Ultimately, even though these things weren’t ideal, I enjoyed my time there immensely. The pace was much more relaxed – and more human – than the pace in most parts of the conference, in large part because it was a bit off the beaten path and it required an effort to go there. Most folks were happy to do their own thing and to enjoy the serendipitous conversations that still occurred. During much of the time, the TED talks were playing as a thought provoking background. The time hanging out helped me to forge new or deeper connections with several colleagues and bloggers I respect. I helped a few more people jailbreak their iPhones and iPhod touches, and a group of us explored a trio of network visualization tools I’d never seen before:
Visit the NECC Unplugged planning wiki page for the Global Connections lounge to explore more links discussed in that space – most of which are videos.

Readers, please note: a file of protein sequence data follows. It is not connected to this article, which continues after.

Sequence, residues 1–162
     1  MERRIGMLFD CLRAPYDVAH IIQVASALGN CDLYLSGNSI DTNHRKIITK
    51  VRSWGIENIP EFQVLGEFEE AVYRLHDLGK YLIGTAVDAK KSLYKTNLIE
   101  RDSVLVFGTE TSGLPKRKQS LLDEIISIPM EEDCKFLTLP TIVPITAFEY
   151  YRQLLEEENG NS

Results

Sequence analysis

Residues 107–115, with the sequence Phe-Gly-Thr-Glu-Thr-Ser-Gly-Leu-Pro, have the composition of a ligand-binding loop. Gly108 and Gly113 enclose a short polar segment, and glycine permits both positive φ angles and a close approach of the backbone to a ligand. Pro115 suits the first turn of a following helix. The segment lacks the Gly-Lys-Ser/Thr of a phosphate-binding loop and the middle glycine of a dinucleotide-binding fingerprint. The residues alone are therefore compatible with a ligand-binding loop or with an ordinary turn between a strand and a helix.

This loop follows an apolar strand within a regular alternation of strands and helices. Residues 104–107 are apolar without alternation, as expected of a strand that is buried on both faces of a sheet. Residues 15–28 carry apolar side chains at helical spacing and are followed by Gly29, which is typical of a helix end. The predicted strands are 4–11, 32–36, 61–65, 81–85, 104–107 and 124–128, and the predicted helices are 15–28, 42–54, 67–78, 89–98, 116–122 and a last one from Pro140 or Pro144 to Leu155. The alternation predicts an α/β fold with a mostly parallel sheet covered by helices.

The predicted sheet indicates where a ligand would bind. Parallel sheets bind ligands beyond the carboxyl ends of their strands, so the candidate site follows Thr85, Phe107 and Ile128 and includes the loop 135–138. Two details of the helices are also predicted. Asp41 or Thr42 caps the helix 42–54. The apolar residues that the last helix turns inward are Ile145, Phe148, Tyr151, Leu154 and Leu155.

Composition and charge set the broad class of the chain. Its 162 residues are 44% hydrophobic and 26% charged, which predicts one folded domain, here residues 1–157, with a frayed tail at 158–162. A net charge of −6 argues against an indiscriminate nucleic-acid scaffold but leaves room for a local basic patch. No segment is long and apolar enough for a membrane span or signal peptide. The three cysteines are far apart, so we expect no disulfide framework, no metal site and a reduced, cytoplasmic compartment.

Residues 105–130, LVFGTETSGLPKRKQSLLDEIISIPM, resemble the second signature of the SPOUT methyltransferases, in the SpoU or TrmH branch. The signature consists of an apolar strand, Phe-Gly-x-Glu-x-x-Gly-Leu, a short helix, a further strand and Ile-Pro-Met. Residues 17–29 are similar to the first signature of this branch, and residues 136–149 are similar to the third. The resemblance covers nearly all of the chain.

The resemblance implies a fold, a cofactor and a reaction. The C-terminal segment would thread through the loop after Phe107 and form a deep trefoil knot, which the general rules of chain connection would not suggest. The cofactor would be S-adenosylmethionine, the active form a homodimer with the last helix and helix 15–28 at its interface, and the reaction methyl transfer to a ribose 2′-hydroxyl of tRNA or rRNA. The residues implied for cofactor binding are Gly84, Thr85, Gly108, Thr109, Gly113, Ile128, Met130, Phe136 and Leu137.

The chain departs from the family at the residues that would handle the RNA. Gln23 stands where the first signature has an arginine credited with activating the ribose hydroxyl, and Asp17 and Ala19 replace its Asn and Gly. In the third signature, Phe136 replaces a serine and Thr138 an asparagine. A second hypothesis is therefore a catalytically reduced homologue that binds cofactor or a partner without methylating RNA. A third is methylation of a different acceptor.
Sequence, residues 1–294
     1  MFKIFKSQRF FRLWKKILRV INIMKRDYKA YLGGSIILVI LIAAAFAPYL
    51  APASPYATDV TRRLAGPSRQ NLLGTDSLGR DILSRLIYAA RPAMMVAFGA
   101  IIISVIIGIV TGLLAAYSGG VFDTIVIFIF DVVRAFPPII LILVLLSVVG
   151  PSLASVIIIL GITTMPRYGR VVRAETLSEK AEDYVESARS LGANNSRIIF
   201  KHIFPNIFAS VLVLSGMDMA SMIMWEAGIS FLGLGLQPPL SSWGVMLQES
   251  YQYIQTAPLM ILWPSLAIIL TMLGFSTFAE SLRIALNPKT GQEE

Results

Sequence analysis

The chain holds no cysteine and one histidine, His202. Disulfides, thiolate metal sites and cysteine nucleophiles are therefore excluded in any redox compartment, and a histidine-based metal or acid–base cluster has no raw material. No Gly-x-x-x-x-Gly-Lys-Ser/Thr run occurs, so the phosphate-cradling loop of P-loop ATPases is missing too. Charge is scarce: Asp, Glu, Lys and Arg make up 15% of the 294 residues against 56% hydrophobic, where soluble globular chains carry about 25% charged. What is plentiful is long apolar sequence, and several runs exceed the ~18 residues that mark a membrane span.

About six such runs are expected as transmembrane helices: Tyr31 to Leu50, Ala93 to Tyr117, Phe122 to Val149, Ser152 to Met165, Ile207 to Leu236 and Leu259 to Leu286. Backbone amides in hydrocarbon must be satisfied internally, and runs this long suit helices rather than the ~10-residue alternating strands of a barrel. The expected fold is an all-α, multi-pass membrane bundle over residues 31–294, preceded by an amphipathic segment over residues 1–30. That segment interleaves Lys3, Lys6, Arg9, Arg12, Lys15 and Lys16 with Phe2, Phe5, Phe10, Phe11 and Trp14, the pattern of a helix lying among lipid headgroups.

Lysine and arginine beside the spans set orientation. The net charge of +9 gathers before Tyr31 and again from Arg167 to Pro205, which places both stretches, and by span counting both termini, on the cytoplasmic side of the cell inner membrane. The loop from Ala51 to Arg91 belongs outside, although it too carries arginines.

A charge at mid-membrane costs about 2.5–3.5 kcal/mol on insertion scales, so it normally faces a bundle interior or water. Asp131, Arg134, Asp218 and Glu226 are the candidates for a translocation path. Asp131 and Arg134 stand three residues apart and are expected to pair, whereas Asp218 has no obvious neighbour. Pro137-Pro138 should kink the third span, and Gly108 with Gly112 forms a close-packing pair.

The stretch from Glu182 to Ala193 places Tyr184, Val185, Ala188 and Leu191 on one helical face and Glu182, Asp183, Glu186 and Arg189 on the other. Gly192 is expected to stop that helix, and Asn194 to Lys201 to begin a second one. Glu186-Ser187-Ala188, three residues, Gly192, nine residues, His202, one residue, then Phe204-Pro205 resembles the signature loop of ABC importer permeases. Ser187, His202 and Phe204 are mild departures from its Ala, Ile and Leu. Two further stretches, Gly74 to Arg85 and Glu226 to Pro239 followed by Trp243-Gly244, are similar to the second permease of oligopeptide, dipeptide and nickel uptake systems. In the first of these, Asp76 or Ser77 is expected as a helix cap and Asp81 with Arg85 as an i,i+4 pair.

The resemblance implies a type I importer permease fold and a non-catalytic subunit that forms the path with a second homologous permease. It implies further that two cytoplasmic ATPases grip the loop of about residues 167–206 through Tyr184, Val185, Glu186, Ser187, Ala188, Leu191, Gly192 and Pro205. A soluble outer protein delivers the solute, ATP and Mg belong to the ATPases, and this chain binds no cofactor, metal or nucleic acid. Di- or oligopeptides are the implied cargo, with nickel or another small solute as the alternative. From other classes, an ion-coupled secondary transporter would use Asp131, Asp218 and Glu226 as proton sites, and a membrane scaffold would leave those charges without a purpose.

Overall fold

Unfortunately, many of us in the Global Connections lounge (and elsewhere I’m sure) fell victim to the overwhelming size of the conference, as sessions we wanted to attend filled up. About the time I was getting up to head to Stephanie Sandifer‘s session, Marzano and Web 2.0: Ed Tech That Works, a group of others was coming back to the lounge after being shut out of her session! Apparently it filled up a half hour before the start time… before she even got there. I’m looking forward to still exploring the resources Stephanie has collected on her Web 2.0 that Works wiki. The lesson some took away from this experience: include Marzano in your title when you submit a session. ;)
I did manage to see the beginning of Ian Juke’s session, Understanding Digital Learners: Learning in the New Digital Landscape. I hadn’t ever seen Ian present before, so it was good to get a sense for his style, energy, and humor. As far as content goes, though, there was nothing new in his message, as far as I could tell. I had this to say about it on twitter:
Hard to believe people still pack in to hear “education needs to catch up” and “kids are different.”
I’m glad I wasn’t dying to hear the rest, because I left his session early to meet Eva, Clark, and Darrel (Eva’s dad – Clark’s grandpa) for lunch. :)